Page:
CAMBRIDGE, Mass. — MIT researchers have demonstrated the first system for ultra-low-power underwater networking and communication, which can transmit signals across kilometer-scale distances.
This technique, which the researchers began developing several years ago, uses about one-millionth the power that existing underwater communication methods use. By expanding their battery-free system’s communication range, the researchers have made the technology more feasible for applications such as aquaculture, coastal hurricane prediction, and climate change modeling.
“What started as a very exciting intellectual idea a few years ago — underwater communication with a million times lower power — is now practical and realistic. There are still a few interesting technical challenges to address, but there is a clear path from where we are now to deployment,” says Fadel Adib, associate professor in the Department of Electrical Engineering and Computer Science and director of the Signal Kinetics group in the MIT Media Lab.
Underwater backscatter enables low-power communication by encoding data in sound waves that it reflects, or scatters, back toward a receiver. These innovations enable reflected signals to be more precisely directed at their source.
Due to this “retrodirectivity,” less signal scatters in the wrong directions, allowing for more efficient and longer-range communication.
When tested in a river and an ocean, the retrodirective device exhibited a communication range that was more than 15 times farther than previous devices. However, the experiments were limited by the length of the docks available to the researchers.
To better understand the limits of underwater backscatter, the team also developed an analytical model to predict the technology’s maximum range. The model, which they validated using experimental data, showed that their retrodirective system could communicate across kilometer-scale distances.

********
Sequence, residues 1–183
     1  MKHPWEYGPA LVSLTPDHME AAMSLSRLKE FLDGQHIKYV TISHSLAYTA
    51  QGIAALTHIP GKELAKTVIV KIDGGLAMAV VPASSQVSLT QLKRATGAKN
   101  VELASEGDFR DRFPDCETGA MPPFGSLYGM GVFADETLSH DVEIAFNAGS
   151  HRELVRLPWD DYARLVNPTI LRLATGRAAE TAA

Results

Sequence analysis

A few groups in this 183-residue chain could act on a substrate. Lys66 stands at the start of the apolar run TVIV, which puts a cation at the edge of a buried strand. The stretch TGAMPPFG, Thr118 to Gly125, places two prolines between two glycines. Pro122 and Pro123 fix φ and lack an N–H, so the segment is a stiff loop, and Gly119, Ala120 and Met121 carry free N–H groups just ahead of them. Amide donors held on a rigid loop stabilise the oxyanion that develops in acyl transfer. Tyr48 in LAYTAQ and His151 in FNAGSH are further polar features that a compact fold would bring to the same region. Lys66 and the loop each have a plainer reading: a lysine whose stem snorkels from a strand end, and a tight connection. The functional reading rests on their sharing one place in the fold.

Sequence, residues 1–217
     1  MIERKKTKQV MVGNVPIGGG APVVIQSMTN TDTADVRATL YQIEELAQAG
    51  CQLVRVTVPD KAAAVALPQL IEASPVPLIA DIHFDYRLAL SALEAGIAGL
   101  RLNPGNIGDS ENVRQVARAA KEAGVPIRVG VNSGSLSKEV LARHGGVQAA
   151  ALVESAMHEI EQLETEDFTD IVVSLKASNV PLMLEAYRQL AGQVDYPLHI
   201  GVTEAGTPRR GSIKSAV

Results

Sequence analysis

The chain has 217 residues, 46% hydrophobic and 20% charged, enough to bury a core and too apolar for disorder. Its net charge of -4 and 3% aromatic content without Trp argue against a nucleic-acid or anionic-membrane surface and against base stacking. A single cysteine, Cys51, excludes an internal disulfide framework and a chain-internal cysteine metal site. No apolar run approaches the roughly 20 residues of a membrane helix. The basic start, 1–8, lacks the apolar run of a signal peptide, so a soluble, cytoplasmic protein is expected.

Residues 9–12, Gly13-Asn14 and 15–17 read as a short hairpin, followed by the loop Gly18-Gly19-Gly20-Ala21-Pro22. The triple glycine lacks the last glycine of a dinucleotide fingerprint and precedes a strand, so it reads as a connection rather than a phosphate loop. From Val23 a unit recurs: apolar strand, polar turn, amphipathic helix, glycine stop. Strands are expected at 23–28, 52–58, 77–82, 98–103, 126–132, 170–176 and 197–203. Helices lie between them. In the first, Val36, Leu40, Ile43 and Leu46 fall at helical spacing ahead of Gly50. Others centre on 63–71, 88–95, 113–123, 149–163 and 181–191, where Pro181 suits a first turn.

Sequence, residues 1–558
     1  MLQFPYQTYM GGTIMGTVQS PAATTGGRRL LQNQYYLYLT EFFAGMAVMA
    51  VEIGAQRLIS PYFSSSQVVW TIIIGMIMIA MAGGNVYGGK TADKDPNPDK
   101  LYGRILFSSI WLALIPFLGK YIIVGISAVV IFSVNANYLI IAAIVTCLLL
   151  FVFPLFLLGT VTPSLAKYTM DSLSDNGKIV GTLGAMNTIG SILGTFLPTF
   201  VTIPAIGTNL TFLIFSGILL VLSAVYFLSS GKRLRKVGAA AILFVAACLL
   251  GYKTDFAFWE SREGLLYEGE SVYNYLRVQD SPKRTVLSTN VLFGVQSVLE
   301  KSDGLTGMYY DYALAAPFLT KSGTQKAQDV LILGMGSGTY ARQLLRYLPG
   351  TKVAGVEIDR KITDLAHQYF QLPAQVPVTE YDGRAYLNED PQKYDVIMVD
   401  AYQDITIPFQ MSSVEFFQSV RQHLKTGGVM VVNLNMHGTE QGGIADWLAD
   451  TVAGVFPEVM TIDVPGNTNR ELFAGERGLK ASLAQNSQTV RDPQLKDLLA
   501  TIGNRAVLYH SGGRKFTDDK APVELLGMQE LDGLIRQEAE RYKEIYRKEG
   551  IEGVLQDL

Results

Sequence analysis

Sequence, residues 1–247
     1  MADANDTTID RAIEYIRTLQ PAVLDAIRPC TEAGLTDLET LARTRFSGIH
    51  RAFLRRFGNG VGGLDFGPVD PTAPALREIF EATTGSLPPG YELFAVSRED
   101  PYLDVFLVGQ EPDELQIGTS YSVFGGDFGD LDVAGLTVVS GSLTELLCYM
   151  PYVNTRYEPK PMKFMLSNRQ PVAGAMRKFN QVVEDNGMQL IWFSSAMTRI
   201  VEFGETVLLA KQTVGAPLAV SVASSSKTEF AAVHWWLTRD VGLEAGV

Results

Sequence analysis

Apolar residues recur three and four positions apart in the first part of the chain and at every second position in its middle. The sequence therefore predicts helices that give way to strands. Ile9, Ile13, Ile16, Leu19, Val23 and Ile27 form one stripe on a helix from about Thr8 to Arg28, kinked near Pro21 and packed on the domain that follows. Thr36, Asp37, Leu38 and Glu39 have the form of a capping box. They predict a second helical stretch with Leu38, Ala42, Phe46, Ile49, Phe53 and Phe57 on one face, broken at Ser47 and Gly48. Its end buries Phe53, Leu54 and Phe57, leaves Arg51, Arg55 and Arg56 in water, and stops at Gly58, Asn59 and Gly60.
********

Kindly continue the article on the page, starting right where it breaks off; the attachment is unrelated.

The researchers shared these findings in two papers which will be presented at this year’s ACM SIGCOMM and MobiCom conferences. Adib, senior author on both papers, is joined on the SIGCOMM paper by co-lead authors Aline Eid, a former postdoc who is now an assistant professor at the University of Michigan, and Jack Rademacher, a research assistant; as well as research assistants Waleed Akbar and Purui Wang, and postdoc Ahmed Allam. The MobiCom paper is also written by co-lead authors Akbar and Allam.
Communicating with sound waves
Underwater backscatter communication devices utilize an array of nodes made from “piezoelectric” materials to receive and reflect sound waves. These materials produce an electric signal when mechanical force is applied to them.
When sound waves strike the nodes, they vibrate and convert the mechanical energy to an electric charge. The nodes use that charge to scatter some of the acoustic energy back to the source, transmitting data that a receiver decodes based on the sequence of reflections.
But because the backscattered signal travels in all directions, only a small fraction reaches the source, reducing the signal strength and limiting the communication range.
To overcome this challenge, the researchers leveraged a 70-year-old radio device called a Van Atta array, in which symmetric pairs of antennas are connected in such a way that the array reflects energy back in the direction it came from.
But connecting piezoelectric nodes to make a Van Atta array reduces their efficiency. The researchers avoided this problem by placing a transformer between pairs of connected nodes. The transformer, which transfers electric energy from one circuit to another, allows the nodes to reflect the maximum amount of energy back to the source.